What's next - pokey/cursorless-vscode Wiki

The big picture

Cursorless's major direction can be summed up as follows:

Cursorless will become a spoken programming language enabling large-scale, structurally aware voice-controlled code generation and refactoring.

The goal is to enable levels of efficiency that aren't possible using today's keyboard-driven interfaces. Let's break down each component of the above statement.

"spoken programming language"

There's two aspects here: one is "programming language", and the second is "spoken ... language". Let's take each in turn

"programming language"

Today's cursorless grammar will become a full-fledged programming language inspired by jq. In the same way that jq enables powerful one-liners, which can easily grow into longer programs, we'd like cursorless commands to function like powerful "spoken one-liners", but also be chained into larger scale "spoken programs" that can transform your code in semantically rich ways by leveraging cursorless's deep integration with tree-sitter and vscode. To get there, we need to make two major changes to the very core of cursorless.

Today, cursorless targets are flat, enabling only a single modifier to be applied to a given mark, eg "funk air". We intend to make cursorless modifiers fully compositional, so that they can be joined into long chains. Examples include:

In addition, cursorless targets need to be unified and enriched with additional semantic information. These intermediate forms will enable short utterances to describe powerful modifier chains. When the needs of a transformation extend beyond the limits of what the user can say in a single phrase, the intermediate forms can be persisted across phrase boundaries, either by using an enhanced that mark for impromptu chains, or by bookmarking intermediate steps of a chain, or even by bookmarking the chain itself as a reusable pipeline component.

See the tracker project for more info.

"spoken ... language"

Because cursorless is spoken, there is the opportunity for users to speak in long continuous sentences, rather than short, choppy commands. Although it is possible to issue fairly long phrases today, there are still some limitations. A great example is "bring"ing a piece of code while modifying it in the same breath. See the tracker project for more on how we intend to improve the fluency with which users can operate Cursorless.

Beyond just removing technical limitations, an important aspect of attaining fluency is education. The learning curve for cursorless can be daunting, so we have several efforts underway to enable new users to get up to speed much faster, and for existing users to rapidly improve fluency. In particular,

See the education tracker project for more.

"large-scale, structurally aware"

There are two main directions here:

Cross-file operations

We'd like to extend the powers of cursorless beyond operations in a single file. One of our inspirations is Plop, a "micro-generator framework" that allows parametrized operations across multiple files. In Cursorless, the bookmarks described above could be stitched together into a combined bookmark that spans multiple files. Each component of the combined bookmark can indicate how new items are inserted using a stable snippet with smart holes.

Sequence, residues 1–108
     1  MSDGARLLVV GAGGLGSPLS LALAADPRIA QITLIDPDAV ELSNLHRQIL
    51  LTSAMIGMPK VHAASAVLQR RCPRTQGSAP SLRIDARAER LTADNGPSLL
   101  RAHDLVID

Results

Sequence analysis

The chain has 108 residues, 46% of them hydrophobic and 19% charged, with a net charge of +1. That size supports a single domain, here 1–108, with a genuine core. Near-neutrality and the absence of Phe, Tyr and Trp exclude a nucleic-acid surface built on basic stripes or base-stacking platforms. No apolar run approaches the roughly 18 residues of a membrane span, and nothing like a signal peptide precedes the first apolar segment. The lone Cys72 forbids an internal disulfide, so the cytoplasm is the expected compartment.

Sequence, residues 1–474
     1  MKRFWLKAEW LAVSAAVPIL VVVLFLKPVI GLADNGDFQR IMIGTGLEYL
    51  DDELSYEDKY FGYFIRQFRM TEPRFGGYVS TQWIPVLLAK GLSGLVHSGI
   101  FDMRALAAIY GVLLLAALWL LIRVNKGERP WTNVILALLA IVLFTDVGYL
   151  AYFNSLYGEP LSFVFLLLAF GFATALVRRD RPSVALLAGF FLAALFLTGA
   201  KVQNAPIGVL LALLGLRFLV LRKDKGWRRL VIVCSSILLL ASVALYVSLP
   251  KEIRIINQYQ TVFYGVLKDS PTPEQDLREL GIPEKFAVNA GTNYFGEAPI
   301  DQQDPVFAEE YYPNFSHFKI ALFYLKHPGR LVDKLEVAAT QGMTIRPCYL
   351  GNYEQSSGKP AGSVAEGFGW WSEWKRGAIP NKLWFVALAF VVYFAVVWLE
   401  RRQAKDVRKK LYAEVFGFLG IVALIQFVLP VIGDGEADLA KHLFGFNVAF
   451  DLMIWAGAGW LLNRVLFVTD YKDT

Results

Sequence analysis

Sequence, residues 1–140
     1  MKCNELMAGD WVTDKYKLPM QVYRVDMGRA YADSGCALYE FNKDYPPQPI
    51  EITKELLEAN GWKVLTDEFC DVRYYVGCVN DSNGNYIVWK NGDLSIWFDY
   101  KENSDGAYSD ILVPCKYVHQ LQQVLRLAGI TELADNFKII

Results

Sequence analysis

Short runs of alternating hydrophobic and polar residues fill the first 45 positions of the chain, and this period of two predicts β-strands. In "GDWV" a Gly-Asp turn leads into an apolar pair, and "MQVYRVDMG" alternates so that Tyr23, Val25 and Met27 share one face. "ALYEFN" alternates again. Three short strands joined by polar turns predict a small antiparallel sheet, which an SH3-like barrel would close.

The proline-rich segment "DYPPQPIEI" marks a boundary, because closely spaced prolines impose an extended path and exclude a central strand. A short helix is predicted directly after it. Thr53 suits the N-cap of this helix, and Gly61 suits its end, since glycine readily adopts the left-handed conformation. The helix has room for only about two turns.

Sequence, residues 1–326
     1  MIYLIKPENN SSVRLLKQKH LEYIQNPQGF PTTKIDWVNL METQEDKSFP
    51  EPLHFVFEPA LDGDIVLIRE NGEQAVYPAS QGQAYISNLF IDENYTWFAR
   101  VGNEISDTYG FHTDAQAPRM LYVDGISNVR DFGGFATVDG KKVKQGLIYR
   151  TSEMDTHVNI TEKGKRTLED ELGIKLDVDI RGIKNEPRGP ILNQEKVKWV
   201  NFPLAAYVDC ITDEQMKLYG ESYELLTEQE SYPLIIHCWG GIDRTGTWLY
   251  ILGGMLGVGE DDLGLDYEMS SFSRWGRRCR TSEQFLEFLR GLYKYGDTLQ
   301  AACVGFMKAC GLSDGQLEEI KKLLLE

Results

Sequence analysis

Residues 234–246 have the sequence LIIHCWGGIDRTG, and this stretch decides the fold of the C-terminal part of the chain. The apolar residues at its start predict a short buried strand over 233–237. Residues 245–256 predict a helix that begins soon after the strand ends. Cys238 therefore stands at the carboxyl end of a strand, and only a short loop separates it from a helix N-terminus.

For example, notice how much boilerplate is needed to add a cursorless hat color. By getting users comfortable with applying syntactic transformations and constructing lightweight snippets as part as their daily workflows, building large-scale, semantically rich transformations will become second nature, rather than a chore.

See the tracker project for more about this and other new modes of interaction we have planned for cursorless.

Smart multiple cursors

Ironically, cursorless becomes most powerful when used with multiple cursors. Multiple cursors without cursorless can feel like herding cats, because the operations supported by your editor are often too low level to work correctly at each cursor. For example, say I have three strings on my clipboard, and I want them to replace each of the following strings:

a = "hello world";
b = "high";
c = "I am a big old string";

Assuming I have a cursor in each string, with cursorless I can just say "paste to string".

We'd like to expand this power further by introducing new scope types and actions, as well as adding new operations to precisely control large numbers of cursors by voice.

Check out the tracker project for more details.

What else are we working on?

In addition to the big picture efforts above, we have several other projects underway to continue to improve cursorless.

Cursorless everywhere

Today, cursorless is restricted to editing text in VSCode. We'd like to expand the places where the cursorless grammar can be used, both within VSCode and without.

A bit of polish

The cursorless code base is quite stable, due to its extensive suite of >1000 tests. However, it is still a bit rough around the edges in a few places. We'd like to remove the surprises, and get Cursorless to the point where it always does exactly what you'd expect, and you never have to clean up after it (which is rare, but still happens here and there 😊).

Improved contributor experience

We'd like to make it easy for anyone to roll up their sleeves and hack on cursorless. The cursorless code base is strongly typed, modular, and fairly well documented, but can still be a bit daunting for new contributors. We'd like to create a proper documentation hub, including an internal API reference, videos, architecture overviews, etc.